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Prostate. 2008 Oct 1;68(14):1561-9. doi: 10.1002/pros.20816.

Disruption of arginase II alters prostate tumor formation in TRAMP mice.

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1
Department of Pathology and Laboratory Medicine, David Geffen School of Medicine at UCLA, Los Angeles, California 90095-1732, USA.

Abstract

BACKGROUND:

Arginase II (AII) is involved in the polyamine synthetic pathway, and elevated levels of expression have been found in a high proportion of prostate cancer samples and patients. However, the biological function of arginase II in prostate cancer still remains to be elucidated. In this study, we utilized the TRAMP mouse prostate cancer model to better understand the contribution of AII on tumor development.

METHODS:

AII expression was determined in prostates from TRAMP mice at 23 weeks of age by real-time RT-PCR and Western blot analysis. Additionally, AII expression was disrupted in the TRAMP model by crossbreeding arginase II knockout (AII KO) mice with TRAMP mice in order to generate the TRAMP/AII KO line. In each group, genito-urinary (GU) tract weights were determined and a pathological evaluation of the tumors was completed.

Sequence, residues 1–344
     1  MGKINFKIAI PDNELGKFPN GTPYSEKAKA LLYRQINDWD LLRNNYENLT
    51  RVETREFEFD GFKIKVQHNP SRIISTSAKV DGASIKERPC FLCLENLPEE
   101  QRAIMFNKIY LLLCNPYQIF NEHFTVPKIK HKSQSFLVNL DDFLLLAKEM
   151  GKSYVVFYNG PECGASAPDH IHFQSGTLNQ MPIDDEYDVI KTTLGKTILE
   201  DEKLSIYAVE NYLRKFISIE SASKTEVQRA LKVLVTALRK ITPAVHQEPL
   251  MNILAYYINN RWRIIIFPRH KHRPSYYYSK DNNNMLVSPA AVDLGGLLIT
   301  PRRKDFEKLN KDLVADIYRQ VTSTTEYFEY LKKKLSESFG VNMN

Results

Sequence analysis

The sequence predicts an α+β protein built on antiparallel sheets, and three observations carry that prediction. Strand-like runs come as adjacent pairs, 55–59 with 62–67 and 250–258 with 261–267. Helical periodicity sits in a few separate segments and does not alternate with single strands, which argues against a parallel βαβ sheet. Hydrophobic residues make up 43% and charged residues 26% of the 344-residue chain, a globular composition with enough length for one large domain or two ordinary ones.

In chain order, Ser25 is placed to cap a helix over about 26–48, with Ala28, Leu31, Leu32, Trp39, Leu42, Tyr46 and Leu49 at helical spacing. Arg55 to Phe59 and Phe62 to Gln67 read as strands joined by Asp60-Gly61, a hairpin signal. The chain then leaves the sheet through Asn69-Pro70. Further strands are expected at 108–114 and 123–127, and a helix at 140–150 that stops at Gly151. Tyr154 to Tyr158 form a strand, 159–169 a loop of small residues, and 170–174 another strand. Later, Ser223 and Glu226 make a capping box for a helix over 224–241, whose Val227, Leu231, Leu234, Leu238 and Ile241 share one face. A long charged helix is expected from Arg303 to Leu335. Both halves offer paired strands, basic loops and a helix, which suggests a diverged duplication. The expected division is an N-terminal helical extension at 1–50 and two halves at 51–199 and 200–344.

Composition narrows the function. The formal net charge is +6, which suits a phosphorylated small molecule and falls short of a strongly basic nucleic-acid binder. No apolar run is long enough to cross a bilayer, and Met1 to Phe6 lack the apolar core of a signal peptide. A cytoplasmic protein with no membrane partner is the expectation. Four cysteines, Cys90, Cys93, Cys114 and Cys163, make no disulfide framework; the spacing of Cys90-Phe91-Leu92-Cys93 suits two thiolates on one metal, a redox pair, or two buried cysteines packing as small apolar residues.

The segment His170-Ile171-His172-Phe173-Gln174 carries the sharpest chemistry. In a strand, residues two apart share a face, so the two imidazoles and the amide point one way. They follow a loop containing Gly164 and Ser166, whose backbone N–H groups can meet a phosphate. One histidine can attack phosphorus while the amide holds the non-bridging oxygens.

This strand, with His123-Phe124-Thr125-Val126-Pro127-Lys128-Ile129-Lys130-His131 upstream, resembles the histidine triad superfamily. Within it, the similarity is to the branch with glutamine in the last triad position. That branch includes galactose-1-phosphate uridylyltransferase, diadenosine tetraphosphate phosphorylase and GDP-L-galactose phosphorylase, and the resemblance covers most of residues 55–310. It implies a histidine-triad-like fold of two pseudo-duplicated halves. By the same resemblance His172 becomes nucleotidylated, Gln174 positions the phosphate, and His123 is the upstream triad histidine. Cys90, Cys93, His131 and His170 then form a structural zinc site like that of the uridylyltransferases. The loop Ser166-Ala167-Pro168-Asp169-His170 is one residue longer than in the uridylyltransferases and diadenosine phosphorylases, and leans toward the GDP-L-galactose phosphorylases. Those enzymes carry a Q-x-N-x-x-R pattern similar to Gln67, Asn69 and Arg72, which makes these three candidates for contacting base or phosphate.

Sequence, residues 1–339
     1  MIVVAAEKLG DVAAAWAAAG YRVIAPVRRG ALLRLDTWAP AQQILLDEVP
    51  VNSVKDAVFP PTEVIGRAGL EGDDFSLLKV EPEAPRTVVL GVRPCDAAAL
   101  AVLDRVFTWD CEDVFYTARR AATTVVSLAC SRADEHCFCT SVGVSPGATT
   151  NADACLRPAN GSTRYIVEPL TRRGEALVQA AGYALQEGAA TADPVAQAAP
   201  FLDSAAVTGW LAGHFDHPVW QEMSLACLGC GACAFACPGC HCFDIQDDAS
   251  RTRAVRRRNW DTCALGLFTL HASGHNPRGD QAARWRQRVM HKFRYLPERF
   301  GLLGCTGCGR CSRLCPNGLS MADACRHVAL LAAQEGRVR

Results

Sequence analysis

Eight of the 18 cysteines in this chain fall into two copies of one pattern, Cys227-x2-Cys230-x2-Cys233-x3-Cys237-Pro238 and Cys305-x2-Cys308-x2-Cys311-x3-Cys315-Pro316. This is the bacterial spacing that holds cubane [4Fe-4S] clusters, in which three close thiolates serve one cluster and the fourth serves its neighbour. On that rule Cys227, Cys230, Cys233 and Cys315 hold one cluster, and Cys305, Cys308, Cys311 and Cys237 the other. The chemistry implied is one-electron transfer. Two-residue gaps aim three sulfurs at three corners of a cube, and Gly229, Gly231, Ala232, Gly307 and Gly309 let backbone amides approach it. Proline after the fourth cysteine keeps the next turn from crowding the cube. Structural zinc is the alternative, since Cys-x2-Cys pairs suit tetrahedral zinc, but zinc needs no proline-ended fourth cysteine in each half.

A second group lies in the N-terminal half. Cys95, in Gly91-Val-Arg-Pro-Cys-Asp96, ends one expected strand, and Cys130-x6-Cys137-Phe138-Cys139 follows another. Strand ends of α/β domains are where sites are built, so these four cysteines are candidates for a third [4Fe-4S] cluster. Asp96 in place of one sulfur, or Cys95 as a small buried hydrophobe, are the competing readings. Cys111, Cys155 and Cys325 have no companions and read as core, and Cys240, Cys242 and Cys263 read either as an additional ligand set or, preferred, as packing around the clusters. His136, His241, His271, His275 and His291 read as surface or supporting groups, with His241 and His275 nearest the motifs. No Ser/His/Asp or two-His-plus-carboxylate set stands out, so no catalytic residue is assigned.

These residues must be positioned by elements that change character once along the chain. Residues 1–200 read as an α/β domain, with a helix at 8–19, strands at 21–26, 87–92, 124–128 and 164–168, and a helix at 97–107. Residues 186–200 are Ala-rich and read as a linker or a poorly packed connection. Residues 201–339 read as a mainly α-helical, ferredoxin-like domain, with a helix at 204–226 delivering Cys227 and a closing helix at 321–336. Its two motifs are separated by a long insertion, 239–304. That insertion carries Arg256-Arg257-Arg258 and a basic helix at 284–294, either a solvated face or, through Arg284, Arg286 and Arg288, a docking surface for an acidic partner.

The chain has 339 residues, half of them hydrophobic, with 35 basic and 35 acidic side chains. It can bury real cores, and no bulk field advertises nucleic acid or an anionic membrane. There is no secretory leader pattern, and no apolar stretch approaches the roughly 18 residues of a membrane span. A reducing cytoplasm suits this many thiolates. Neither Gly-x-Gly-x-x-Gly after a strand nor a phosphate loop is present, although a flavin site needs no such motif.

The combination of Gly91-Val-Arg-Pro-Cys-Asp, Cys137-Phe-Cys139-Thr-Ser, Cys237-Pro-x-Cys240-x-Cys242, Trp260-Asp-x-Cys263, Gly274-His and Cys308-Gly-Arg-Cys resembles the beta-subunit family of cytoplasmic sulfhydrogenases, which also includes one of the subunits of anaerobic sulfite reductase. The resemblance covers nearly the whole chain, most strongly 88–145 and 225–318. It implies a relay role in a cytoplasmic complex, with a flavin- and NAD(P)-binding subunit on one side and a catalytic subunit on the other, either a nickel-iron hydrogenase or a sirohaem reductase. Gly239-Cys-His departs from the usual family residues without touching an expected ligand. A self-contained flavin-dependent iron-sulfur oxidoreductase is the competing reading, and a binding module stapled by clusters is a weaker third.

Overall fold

RESULTS:

AII expression was only detectable in those mice without the presence of macroscopic tumors; it was also absent in the TRAMP-C2 cell line, which is characteristic of an advanced prostate tumor. Assessment of the GU weights revealed larger average GU weights in the TRAMP/AII KO mice compared to TRAMP mice. Additionally, a greater percentage of more advanced pathology was found in the TRAMP/AII KO group compared to the TRAMP cohort.

CONCLUSIONS:

Based on these results, AII deficiency in the TRAMP model seems to accelerate prostate tumor progression, leading to an overall more advanced cancer stage in these mice. These findings support the possibility that prostatic arginase II could be a potentially useful marker of disease progression.

PMID:
18663728
DOI:
10.1002/pros.20816
[Indexed for MEDLINE]
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